version also came on two CD-ROMs. 
    The North American version of this game is also downloadable on the
    PlayStation Network, allowing it to be played on a PlayStation 3 or
    PlayStation Portable (PSP) without the actual game disc. 
    6. Nintendo 64 Version
    The Nintendo 64 version was released in North America in late 1999 and 
    in Japan in January 2000. This port had some drastic changes:
    Using an N64 Expansion Pak, the increased RAM capacity allowed for the
    graphics to be displayed at a higher resolution than the PlayStation
    original. Without the Expansion Pak, the game looked closer to the
    original PlayStation version, although it still looked a bit better. 
    The Nintendo 64's sound capabilities are obviously below that of the
    PlayStation due to the capacity of the Nintendo 64's cartridges. In
    order to cram all the data of Resident Evil 2 onto the Nintendo 64,
    tons of data compression techniques were employed to reduce the game's
    overall data size. The audio suffered as a result, as it sounds 
    muffled compared to the other versions.
    Almost all CG made it to the Nintendo 64 version with the exception of
    Ada's cutscene with Annette, which was replaced with Claire's in Leon's
    adventure to save space (the developers were probably hoping that no one
    would notice!). All CG cutscenes are noticeably compressed and less
    detailed, but are still largely intact, which ended up being quite a
    milestone for the Nintendo 64, a system that rarely used CG cutscenes.
    Extra Features
    The Nintendo 64 version allowed, after a scenario was beaten, for an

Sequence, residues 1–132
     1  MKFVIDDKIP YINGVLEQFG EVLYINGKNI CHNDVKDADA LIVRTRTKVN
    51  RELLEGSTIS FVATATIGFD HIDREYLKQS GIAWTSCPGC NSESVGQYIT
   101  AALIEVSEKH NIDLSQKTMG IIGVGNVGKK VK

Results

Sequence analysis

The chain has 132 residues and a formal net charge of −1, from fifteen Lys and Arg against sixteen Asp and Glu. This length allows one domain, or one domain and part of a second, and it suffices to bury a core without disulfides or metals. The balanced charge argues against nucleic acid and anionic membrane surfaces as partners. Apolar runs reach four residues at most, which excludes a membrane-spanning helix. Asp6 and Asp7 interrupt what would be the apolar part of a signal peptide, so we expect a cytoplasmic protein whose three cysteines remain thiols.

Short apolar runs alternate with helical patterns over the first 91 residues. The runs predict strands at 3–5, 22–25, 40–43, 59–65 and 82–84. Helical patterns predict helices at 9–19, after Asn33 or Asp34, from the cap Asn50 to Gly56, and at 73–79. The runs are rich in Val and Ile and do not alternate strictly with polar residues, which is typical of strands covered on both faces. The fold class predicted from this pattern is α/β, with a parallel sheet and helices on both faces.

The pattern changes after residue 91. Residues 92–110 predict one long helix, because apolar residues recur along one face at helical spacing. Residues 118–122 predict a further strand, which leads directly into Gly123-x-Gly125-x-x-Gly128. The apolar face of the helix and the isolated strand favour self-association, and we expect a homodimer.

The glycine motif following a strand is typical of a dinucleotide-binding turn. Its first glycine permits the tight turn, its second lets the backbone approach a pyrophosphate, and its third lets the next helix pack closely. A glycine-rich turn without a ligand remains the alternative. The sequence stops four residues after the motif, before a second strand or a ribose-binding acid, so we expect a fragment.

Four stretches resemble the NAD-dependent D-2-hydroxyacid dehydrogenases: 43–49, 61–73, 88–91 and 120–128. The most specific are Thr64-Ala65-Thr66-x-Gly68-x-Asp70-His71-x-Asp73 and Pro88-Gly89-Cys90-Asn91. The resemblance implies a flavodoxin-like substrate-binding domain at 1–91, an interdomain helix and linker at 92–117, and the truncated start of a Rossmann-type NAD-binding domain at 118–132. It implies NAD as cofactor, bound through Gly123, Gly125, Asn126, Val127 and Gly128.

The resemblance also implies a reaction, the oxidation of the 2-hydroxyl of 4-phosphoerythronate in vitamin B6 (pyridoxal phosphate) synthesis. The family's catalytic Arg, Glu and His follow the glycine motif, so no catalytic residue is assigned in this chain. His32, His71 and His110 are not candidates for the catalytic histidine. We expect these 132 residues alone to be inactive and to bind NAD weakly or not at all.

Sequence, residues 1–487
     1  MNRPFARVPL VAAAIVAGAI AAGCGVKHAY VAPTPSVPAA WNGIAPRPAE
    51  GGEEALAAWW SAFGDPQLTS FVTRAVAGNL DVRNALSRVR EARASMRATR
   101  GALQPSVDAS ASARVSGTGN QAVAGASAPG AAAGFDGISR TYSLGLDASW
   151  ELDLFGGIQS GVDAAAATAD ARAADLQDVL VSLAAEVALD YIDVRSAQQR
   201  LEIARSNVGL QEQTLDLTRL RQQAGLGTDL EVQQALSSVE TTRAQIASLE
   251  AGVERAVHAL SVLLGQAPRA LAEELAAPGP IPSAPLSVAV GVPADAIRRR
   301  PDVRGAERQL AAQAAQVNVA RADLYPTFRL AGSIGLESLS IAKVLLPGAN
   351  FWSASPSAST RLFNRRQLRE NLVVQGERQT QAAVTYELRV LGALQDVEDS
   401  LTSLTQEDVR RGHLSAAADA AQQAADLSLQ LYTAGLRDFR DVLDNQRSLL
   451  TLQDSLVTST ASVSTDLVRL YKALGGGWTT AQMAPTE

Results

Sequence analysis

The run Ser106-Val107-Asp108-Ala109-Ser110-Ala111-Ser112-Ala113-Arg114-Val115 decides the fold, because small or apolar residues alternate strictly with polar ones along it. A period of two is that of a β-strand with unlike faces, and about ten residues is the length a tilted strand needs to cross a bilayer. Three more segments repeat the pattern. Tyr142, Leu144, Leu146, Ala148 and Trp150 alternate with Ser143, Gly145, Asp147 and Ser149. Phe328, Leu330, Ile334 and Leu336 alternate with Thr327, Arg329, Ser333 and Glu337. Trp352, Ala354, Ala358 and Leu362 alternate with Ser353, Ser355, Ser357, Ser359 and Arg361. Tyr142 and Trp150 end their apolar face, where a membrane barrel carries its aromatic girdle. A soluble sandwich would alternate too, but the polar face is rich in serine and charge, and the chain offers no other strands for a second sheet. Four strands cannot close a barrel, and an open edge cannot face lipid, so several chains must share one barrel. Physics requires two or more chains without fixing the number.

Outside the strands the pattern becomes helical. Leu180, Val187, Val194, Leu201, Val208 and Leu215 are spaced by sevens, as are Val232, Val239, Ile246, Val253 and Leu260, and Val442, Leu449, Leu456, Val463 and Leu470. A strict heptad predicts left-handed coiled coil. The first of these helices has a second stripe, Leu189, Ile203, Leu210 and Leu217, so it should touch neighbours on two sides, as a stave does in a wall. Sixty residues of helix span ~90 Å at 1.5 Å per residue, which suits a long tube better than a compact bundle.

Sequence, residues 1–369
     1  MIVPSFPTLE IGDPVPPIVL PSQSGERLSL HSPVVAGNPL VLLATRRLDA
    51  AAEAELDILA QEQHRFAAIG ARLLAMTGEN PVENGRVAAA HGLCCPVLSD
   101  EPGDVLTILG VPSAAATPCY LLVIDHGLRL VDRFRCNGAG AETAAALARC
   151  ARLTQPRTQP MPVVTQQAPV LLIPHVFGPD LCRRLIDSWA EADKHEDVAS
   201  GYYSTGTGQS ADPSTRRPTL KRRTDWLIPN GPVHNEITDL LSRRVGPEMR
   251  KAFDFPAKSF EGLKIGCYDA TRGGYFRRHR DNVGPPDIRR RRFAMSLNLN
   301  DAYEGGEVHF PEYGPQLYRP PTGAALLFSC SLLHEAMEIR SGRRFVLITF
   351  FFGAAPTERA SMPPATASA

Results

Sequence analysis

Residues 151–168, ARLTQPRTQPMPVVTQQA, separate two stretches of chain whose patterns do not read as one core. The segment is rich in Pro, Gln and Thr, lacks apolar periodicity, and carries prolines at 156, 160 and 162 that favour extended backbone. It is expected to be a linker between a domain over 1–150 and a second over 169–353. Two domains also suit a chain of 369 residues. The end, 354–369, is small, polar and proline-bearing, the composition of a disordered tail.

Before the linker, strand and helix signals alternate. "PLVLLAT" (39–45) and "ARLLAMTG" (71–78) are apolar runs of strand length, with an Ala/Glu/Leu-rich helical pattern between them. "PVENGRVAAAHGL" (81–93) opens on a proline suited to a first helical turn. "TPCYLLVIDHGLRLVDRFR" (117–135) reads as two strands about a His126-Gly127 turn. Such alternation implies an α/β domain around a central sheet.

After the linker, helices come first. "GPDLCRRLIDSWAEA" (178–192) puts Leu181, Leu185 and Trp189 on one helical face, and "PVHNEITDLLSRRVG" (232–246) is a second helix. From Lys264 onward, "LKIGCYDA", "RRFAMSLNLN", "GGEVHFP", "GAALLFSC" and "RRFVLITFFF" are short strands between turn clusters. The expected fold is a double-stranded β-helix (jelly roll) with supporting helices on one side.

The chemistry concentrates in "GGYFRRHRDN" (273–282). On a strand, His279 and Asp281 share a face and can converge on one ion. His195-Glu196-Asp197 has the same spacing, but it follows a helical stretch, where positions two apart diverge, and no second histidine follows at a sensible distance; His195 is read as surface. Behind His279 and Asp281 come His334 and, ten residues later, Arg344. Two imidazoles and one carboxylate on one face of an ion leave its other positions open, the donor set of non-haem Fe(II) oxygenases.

item randomizer (non-quest items such as keys would not change location,
    only items such as ammo and health), a violence control meter (to adjust
    the amount of blood and gore displayed), a blood color option (change
    the blood from red to blue, black, green etc.) and the Ex Files, a 
    series of files that ties Nintendo 64-only Resident Evil owners to non-
    Nintendo 64 versions of the series such as Zero (after it was moved to
    GameCube), Nemesis and CODE: Veronica. 
    One Cartridge
    The game comes on one cartridge, and either Claire or Leon's scenarios
    may be chosen from the main menu when selecting "New Game" or "Load
    7. Dreamcast Version
    The Dreamcast version was released in 1999 in Japan under the name
    "Biohazard 2 Value Plus." It was almost exactly the same as the PC port
    in terms of content. 
    VMU Extras
    The Dreamcast's VMU screen was utilized to provide ammo and health
    information without having to go into the item screen. 
    Biohazard CODE: Veronica Trial Edition (Japan)
    The Japanese version contained a trial version of Biohazard CODE: 
    Veronica as well as music tracks from prior Biohazard games (orchestral,
    game-ripped, drama.) This extra disc was not included in the North